Germany’s VW Ag a few years ago apparently tried to save some development funds by rigging diesel engines to cheat on emissions tests and is now facing the prospect of one of the most costly repairs ever conducted globally.
Volkswagen, the largest European automaker, admitted last month it had equipped up to 11 million autos with diesel emissions software designed to fool regulators and will now have to repair all of them to be in compliance with the pollution standards. The process is already appearing as one of the most expensive and complex in auto industry history. The German carmaker will have to deliver software fixes to some of its models – while others will need to be equipped with parts that weren’t designed for the vehicles already on the road. And the modifications could need special service centers set up specifically for the purpose. And the fixes will need to be in compliance with regulations from dozens of countries all over Europe.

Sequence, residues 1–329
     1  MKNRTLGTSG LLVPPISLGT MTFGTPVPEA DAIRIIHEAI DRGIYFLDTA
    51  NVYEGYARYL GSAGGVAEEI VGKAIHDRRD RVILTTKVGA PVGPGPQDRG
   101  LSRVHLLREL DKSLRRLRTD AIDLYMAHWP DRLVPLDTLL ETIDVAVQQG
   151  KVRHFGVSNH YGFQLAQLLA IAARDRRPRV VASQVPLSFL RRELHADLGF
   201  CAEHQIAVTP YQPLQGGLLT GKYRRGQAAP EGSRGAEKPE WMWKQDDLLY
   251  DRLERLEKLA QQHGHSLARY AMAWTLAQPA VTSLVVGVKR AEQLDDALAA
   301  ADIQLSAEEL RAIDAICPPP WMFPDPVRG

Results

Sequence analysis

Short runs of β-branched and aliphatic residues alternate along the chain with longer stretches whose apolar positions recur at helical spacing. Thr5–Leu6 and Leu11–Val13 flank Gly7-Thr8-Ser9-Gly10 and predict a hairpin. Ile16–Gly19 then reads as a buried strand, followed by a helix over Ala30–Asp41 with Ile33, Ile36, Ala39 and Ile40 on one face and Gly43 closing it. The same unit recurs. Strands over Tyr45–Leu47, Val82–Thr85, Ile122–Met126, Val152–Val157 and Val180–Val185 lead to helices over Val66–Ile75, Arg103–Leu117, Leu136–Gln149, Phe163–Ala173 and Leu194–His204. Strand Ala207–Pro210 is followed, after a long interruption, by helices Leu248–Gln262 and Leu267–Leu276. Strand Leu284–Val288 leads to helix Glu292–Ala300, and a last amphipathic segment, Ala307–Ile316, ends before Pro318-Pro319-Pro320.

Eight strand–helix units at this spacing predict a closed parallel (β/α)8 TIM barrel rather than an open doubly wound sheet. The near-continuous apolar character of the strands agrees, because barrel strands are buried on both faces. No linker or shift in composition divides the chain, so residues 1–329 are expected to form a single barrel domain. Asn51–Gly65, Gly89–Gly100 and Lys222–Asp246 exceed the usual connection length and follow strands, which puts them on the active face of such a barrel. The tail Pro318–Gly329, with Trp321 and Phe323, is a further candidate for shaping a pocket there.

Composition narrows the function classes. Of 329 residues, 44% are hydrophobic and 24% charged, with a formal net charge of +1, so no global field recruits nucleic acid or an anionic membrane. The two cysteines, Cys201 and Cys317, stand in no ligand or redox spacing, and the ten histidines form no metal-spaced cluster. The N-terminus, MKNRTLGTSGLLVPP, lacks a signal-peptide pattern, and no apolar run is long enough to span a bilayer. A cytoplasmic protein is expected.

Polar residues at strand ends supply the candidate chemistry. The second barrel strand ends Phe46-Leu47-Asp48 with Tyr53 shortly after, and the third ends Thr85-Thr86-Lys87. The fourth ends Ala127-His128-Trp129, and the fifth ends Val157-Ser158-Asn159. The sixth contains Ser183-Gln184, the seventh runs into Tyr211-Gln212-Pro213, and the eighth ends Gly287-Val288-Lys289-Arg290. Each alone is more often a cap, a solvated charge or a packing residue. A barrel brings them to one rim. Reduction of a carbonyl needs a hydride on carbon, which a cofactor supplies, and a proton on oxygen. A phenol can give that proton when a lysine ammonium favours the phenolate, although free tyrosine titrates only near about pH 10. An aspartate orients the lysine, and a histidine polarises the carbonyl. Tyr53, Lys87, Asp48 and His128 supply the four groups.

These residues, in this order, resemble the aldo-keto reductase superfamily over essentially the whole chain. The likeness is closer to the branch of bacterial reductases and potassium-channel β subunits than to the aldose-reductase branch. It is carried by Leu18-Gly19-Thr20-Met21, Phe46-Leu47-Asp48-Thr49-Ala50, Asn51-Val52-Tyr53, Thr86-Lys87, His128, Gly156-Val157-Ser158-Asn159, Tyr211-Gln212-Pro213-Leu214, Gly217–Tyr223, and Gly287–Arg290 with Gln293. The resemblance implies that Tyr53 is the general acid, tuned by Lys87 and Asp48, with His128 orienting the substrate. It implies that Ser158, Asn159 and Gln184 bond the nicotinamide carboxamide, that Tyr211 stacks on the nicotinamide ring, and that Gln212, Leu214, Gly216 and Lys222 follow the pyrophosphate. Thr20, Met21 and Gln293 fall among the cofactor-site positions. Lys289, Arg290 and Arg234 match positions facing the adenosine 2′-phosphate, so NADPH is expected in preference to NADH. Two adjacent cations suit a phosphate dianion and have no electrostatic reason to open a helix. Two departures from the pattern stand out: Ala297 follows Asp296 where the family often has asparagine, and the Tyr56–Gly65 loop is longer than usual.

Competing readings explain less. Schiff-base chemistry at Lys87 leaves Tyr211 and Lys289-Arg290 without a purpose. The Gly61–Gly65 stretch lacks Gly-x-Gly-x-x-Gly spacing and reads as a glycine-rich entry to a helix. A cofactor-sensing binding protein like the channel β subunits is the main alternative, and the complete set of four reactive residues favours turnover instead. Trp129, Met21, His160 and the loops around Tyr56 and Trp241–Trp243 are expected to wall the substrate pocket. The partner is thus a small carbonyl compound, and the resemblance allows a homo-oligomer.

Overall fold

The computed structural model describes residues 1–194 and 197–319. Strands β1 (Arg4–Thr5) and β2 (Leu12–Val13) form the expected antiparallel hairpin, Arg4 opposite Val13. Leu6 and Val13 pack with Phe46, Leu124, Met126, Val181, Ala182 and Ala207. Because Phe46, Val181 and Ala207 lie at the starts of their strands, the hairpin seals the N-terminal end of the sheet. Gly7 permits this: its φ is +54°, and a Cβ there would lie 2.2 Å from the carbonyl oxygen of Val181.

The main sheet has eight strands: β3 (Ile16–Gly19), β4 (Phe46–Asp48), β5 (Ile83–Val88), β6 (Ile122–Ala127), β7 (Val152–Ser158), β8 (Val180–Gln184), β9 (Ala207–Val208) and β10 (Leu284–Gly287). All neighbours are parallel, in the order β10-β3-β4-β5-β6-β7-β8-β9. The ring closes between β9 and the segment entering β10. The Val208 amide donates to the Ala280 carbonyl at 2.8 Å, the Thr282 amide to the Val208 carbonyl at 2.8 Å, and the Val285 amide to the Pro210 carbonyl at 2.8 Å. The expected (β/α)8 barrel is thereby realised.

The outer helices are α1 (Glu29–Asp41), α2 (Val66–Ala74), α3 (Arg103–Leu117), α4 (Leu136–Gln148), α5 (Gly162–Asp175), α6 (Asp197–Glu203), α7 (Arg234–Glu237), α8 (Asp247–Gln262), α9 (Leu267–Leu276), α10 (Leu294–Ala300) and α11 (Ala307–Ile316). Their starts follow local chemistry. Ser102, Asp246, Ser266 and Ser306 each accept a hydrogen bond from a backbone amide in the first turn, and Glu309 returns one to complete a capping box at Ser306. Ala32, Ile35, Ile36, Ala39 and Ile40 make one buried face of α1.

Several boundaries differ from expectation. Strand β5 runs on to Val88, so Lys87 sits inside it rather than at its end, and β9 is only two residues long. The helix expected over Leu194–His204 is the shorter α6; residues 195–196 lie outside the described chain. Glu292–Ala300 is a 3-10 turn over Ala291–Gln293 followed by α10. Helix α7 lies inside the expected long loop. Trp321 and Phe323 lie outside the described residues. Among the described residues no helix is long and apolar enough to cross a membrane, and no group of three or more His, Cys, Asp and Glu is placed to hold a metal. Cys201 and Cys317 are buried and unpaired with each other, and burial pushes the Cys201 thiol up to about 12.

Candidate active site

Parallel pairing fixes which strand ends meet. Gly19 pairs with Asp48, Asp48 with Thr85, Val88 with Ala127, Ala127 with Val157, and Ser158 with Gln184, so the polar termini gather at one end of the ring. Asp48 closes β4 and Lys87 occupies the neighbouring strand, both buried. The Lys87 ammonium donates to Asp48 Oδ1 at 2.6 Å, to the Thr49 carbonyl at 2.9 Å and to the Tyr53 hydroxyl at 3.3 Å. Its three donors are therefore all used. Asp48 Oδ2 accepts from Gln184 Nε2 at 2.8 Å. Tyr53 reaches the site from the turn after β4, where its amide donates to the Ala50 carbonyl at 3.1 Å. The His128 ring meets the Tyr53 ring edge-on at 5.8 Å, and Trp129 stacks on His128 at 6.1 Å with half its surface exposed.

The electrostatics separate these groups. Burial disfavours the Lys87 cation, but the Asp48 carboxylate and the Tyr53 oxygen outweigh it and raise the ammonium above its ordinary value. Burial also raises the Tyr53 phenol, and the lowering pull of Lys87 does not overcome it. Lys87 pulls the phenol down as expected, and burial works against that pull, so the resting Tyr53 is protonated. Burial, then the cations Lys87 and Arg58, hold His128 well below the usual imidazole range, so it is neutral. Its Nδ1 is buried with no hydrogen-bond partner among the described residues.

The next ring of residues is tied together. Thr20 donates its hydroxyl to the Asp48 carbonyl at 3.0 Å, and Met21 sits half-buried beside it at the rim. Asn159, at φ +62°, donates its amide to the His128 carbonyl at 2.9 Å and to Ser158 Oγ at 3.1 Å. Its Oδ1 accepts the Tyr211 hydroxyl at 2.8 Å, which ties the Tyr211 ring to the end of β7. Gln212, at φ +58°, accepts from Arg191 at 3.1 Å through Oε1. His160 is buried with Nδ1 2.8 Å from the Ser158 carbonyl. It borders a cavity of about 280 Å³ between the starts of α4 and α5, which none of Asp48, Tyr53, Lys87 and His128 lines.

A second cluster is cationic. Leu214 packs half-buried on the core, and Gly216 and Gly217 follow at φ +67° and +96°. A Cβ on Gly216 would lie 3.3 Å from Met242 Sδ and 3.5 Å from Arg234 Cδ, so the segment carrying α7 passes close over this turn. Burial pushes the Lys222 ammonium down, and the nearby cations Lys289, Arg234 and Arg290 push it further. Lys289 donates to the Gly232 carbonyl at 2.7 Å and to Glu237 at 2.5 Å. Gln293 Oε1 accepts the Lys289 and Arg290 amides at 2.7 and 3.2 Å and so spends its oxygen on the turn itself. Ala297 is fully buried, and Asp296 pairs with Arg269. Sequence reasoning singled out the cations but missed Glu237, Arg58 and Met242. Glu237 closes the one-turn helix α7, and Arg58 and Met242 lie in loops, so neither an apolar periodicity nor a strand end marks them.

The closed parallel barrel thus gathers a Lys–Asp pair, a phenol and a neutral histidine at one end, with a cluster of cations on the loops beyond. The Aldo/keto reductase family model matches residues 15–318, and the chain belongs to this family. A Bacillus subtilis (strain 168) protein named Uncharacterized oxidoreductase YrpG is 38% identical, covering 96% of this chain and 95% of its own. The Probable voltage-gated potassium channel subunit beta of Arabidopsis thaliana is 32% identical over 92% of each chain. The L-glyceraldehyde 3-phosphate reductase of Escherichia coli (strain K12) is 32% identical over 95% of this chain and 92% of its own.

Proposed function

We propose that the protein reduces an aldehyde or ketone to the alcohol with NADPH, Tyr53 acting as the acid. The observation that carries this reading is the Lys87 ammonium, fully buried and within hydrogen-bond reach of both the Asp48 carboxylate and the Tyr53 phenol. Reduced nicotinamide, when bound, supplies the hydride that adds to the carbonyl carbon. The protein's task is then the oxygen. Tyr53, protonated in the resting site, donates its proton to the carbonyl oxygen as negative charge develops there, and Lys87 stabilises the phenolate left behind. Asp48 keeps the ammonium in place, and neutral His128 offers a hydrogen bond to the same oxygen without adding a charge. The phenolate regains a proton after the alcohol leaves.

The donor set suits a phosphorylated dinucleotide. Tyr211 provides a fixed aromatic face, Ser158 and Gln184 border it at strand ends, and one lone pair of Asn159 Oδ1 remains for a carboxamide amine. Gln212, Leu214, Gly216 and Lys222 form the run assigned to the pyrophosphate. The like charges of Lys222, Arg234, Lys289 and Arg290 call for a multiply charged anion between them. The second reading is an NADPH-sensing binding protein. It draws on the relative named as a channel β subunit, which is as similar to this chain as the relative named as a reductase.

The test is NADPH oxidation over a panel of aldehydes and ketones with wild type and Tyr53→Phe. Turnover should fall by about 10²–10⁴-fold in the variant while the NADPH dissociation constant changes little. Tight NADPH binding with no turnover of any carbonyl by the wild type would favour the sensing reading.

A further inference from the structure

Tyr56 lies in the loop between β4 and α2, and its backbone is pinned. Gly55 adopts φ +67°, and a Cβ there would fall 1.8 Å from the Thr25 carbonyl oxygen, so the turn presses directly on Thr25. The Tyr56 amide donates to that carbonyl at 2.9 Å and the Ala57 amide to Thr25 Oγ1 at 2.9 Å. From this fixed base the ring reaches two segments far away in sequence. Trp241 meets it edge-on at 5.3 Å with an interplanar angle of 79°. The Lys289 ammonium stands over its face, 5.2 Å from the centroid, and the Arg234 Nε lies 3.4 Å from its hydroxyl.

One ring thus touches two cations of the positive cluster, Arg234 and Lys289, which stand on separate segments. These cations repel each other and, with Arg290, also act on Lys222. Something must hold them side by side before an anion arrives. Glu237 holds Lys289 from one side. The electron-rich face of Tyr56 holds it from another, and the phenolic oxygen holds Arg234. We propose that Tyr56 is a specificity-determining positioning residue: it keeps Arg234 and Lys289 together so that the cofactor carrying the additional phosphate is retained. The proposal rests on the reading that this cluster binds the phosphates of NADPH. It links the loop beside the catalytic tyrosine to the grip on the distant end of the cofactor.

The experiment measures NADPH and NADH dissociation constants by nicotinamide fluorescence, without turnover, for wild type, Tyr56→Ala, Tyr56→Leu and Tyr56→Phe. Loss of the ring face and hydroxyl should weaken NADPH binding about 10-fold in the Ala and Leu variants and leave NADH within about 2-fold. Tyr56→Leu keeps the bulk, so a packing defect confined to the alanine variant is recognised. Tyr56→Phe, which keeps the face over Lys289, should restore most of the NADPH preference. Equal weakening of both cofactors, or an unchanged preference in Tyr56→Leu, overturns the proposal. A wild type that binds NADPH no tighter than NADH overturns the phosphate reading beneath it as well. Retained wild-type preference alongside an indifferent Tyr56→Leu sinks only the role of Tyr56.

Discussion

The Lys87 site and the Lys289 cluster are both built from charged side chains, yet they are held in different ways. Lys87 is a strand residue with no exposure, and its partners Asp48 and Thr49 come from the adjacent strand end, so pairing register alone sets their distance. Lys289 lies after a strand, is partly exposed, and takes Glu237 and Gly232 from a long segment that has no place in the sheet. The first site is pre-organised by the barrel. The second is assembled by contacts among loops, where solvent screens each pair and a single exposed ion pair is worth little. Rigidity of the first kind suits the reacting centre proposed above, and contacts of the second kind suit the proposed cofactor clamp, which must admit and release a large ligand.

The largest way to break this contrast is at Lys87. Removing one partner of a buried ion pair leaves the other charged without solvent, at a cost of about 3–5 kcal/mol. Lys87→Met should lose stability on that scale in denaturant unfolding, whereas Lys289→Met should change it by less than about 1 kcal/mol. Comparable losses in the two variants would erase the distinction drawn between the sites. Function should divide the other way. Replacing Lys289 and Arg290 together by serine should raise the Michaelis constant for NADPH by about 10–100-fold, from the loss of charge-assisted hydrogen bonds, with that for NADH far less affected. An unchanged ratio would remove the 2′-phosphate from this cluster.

“I can’t think of any other recall that would be as comprehensive,” comments Jake Fisher, director of automotive testing at Consumer Reports magazine. “It’s really an expensive rework.” And the repair and recall costs are just part of the expenses for the company. The automaker is already paying up – it has to compensate dealers for having cars they can’t sell. It already faces hundreds of lawsuits in the US alone – ad the bulk of the affected vehicles is actually in Europe. And then there are the fines – from the US alone it could reach up to $18 billion and with other regulators tallied in the final bill on regulatory paychecks alone could reach more than 30 billion euros ($34 billion).